Soooooooooo then we headed back to Kyoto to pack up and get ready to head out the next morning.

The next day!

I had plans to meet Hidemi, my language partner while I was on CLS, in the morning, but something came up and she had to cancel at the last minute.  It was just as well, because I was feeling pretty awful and sick.  Still, we weren't going to waste our last morning in Kyoto, so we decided to hit Touji, a temple near the station.

This is what Touji is famous for--a giant pagoda. Unfortunately, this was the closest we could get to it without paying money.  Bah.


So then we hopped on the Shinkansen, which was exciting because there were no seats so we stood for 35 minutes.  After that we headed our separate ways, I wrote a very short blog post, and then I collapsed every which way.


I had class in the afternoon, but after that I met up with Nick and Miranda and we played Bananagrams (because I totally brought my copy with me) in my dorm's community room (the only room they're allowed in in my dorm).  Nick slaughtered us.  It was not pretty.

After that we all went to my Tuesday Japanese class, where the S-As were IMMEDIATELY ACCOSTED BY SO MANY EXCITED GIRLS.  And also Tuesday sensei.  And we discovered that Tuesday sensei speaks English.  CRAZY.
Also, one of the girls in my class randomly turned to me and said, "Yep, he's a bijin (美人; beautiful person), as I expected" and I started laughing hysterically and Nick had no idea what was going on.  Oh dear.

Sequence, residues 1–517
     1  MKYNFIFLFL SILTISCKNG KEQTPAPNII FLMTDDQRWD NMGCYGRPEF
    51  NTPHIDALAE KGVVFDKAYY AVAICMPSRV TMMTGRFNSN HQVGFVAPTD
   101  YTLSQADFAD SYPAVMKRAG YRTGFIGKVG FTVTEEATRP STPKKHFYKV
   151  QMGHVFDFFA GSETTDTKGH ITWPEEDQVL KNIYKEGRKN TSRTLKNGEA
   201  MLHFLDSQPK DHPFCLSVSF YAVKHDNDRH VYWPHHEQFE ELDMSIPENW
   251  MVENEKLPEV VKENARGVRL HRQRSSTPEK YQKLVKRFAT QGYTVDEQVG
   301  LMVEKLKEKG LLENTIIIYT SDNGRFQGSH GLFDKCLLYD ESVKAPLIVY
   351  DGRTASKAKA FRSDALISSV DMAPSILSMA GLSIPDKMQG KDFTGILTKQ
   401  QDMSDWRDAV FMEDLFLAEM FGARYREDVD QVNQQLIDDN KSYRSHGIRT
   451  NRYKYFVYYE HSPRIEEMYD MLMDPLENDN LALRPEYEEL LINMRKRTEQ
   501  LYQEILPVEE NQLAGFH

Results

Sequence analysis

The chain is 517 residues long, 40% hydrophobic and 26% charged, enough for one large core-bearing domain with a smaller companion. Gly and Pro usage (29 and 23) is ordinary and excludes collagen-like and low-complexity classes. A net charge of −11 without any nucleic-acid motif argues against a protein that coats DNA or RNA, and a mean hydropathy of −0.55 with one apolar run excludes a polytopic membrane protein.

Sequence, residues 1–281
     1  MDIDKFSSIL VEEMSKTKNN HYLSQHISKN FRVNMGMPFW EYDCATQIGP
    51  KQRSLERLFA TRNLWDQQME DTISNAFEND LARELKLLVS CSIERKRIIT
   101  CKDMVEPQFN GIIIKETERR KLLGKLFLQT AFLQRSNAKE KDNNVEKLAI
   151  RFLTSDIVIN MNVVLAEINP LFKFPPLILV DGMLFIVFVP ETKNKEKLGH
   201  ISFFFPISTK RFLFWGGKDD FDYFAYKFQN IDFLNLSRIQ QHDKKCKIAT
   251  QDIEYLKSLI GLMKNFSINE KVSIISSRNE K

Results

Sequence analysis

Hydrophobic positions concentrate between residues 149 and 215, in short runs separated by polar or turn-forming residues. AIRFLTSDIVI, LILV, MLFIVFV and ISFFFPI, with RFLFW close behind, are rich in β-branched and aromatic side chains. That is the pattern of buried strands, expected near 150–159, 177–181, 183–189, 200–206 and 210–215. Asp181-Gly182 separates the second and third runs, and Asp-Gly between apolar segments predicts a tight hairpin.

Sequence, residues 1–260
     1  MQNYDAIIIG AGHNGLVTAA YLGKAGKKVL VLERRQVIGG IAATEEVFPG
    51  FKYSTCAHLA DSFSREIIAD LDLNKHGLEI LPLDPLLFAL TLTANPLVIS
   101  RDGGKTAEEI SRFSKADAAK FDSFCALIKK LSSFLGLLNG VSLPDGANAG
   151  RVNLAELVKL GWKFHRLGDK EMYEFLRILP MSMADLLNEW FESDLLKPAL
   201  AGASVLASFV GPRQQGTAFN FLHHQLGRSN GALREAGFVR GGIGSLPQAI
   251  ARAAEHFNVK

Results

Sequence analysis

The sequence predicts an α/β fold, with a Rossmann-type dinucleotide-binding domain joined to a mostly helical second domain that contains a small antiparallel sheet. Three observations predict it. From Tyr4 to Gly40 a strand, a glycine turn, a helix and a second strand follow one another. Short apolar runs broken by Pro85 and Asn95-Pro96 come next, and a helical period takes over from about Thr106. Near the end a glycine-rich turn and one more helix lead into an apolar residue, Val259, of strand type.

Oh, and then there was a moment of EXTREME EXCITEMENT when the Chinese-speakers discovered that Nick can speak Chinese.
Basically, it was a normal Japanese class with Tuesday sensei.

Afterwards, O-san asked me how long we had been dating.
Me: Seventeen [her eyes got really wide at this point] months.
O-san: Oh!  I thought you were going to say seventeen years.
Me: No, seventeen MONTHS!
O-san: You would have had to start dating at three or something!

And then after that one of my classmates remarked on how super duper rabu rabu we were****** and O-san said, "Well, they HAVE been dating for seventeen years."

Oh, and then we found out that Kocchan speaks English too.

It was an exciting day.

So, yeah, that was our Tuesday!

*Oh no, I've been in Japan too long.  PUNS ARE STARTING TO BE FUNNY.  QUICK, SOMEONE SAVE ME.

**It probably didn't help that the water at the shrine's hand washing place was FREEZING.

***In Japan, the Boy Scouts are unisex whereas the Girl Scouts are for girls only.

****In Japanese, the honorific used for many kami is 御神 (mikami), which is the combination of an honorific (御) and the character for kami (神). 御髪 (also read "mikami"), on the other hand, is the combination of an honorific (御) and the character for "hair" (髪, read "kami").

*****Enmusubi (縁結び) means "marriage" but its literal meaning is "knot of fate."  Ahahahaha, puns.